On May 9, 2018, Senator Orrin Hatch and Rep. John Curtis of Utah introduced “The Emery County Public Land Management Act of 2018”—a bill that would significantly impact YOUR public lands in Utah.
Emery County is home to world-class wilderness landscapes such as the San Rafael Swell and Desolation and Labyrinth Canyons, and contains more than 1.5 million acres of land worthy of wilderness protection.
The same politicians who instigated and celebrated the illegal repeal of Grand Staircase-Escalante and Bears Ears National Monuments have introduced legislation for Emery County that enshrines motorized recreation and undermines existing protections.
While at first blush the Emery County bill boasts wilderness and National Recreation Area (NRA) acreages that may seem impressive, a closer analysis of the bill reveals fatally flawed legislation. Here’s what it does:
- Entirely fails to protect remarkable and critical intact wilderness landscapes as wilderness. This includes large portions of Labyrinth Canyon—including a large portion of wilderness-quality lands on the western side and the entire eastern side of the canyon system—and much of the remote Muddy Creek region. As proposed, the bill would designate less wilderness than is currently protected for wilderness character as Wilderness Study Areas (WSAs) or Natural Areas.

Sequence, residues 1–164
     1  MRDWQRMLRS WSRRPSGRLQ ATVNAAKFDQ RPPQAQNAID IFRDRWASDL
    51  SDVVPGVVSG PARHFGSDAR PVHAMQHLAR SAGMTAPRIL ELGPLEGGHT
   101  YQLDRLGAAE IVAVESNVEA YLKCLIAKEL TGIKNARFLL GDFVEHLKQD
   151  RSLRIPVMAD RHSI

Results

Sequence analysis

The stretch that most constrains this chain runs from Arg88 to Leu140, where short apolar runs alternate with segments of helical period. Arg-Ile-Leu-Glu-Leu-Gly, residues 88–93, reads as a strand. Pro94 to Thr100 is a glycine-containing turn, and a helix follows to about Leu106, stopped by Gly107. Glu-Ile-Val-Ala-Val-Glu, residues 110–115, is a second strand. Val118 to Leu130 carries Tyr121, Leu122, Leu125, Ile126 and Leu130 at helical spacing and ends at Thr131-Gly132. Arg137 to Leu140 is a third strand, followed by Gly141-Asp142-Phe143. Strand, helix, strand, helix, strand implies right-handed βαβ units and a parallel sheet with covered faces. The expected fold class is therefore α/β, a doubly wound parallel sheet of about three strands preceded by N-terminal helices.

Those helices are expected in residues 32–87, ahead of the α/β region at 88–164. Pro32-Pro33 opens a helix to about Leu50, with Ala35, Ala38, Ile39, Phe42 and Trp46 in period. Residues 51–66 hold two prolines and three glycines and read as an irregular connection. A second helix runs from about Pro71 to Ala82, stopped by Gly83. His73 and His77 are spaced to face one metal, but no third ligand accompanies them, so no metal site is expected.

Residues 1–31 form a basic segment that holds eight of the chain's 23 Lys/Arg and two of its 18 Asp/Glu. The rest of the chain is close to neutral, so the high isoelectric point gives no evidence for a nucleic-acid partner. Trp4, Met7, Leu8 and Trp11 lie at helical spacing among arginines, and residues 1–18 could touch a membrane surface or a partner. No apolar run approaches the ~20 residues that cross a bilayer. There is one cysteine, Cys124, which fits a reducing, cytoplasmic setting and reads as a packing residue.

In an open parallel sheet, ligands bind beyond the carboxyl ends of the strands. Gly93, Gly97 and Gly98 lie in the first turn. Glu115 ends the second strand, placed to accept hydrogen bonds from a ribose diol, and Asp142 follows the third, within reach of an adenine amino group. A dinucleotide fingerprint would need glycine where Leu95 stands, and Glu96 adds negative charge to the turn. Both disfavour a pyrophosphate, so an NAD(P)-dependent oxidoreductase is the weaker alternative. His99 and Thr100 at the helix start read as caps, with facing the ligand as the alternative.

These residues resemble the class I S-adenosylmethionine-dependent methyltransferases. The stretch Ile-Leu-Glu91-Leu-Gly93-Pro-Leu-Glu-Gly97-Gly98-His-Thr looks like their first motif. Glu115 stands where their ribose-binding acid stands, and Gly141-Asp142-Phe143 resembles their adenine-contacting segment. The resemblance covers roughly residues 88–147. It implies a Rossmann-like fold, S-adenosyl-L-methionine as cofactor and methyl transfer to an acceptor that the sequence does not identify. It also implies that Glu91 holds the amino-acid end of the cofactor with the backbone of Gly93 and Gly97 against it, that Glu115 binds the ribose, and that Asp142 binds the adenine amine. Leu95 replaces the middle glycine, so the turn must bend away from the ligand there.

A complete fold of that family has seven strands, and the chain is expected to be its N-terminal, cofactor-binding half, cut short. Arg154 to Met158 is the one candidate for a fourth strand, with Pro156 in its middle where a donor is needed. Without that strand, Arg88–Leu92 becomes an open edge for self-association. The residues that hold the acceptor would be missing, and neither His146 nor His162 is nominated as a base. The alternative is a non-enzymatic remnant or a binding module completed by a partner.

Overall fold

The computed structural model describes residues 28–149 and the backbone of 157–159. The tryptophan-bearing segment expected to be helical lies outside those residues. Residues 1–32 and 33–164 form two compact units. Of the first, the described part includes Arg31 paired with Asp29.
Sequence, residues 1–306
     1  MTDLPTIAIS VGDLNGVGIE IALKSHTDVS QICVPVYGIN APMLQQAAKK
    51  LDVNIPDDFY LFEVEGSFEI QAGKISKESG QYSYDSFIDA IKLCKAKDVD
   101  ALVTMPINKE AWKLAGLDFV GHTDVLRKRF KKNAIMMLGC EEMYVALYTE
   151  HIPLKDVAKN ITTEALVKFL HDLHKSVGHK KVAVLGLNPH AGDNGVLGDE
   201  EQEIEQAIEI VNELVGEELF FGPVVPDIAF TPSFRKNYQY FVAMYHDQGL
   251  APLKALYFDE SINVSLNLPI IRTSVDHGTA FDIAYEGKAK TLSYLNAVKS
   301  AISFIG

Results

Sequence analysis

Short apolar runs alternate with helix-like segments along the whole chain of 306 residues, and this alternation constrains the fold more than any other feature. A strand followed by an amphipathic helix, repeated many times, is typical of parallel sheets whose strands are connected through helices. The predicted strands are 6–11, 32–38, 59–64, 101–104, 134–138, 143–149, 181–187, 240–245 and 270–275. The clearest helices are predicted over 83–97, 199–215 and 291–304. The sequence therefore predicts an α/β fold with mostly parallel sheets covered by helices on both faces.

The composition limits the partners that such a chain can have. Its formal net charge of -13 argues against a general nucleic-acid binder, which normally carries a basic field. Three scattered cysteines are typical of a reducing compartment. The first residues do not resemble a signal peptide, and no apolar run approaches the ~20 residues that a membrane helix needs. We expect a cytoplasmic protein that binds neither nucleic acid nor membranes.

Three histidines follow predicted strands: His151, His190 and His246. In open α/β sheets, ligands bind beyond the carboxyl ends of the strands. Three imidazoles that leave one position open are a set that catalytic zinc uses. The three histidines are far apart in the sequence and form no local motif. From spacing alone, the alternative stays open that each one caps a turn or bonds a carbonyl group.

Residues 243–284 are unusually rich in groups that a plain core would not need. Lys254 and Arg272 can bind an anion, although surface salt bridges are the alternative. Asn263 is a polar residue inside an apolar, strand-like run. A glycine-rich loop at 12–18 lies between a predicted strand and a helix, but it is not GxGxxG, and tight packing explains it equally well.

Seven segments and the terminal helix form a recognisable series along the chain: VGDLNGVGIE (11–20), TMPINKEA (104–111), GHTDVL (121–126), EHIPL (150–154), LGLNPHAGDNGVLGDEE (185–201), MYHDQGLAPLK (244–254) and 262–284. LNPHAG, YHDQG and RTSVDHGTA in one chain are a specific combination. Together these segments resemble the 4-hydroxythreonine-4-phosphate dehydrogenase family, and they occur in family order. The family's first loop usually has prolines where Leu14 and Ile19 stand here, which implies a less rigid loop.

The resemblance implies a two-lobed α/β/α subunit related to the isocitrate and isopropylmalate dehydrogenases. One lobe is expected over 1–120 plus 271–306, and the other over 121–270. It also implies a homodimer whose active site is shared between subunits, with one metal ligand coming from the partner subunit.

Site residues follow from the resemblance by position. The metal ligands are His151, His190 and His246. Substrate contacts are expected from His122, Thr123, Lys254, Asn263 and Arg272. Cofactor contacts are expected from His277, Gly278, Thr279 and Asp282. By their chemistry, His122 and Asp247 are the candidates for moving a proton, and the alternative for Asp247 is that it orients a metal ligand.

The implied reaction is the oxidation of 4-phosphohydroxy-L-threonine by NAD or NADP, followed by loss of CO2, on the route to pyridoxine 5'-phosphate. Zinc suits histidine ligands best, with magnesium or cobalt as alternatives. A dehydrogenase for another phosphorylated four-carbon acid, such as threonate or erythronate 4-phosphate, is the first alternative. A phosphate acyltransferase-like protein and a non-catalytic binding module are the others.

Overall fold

- Fails to provide any protection for the San Rafael Badlands, a remote and rugged landscape containing an abundance of cultural resources.
- Rolls back existing WSA protections to facilitate coal mining in the Book Cliffs.
- Includes unprecedented giveaways to the State of Utah in the form of recreation and public purpose conveyances. The legislation would hand over control of 7,000 acres of high-value public land to the State of Utah for expansion of Goblin Valley State Park. The State could then charge fees for access and develop new amenities and motorized and non-motorized trail systems.
- Authorizes a land exchange that will give the Utah School and Institutional Trust Lands Administration (SITLA) ownership of nearly 12,000 acres of public lands that are currently proposed for wilderness designation in America’s Red Rock Wilderness Act.
- Allows the State of Utah to continue its federal court litigation seeking highway rights-of-way through designated wilderness, instead of resolving Revised Statute (R.S.) 2477 issues.
We are committed to fighting this poorly-considered proposal for some of Utah’s most treasured wilderness landscapes. To learn more about the lands at risk, see Conservation Highlights of the San Rafael Swell and Labyrinth Canyon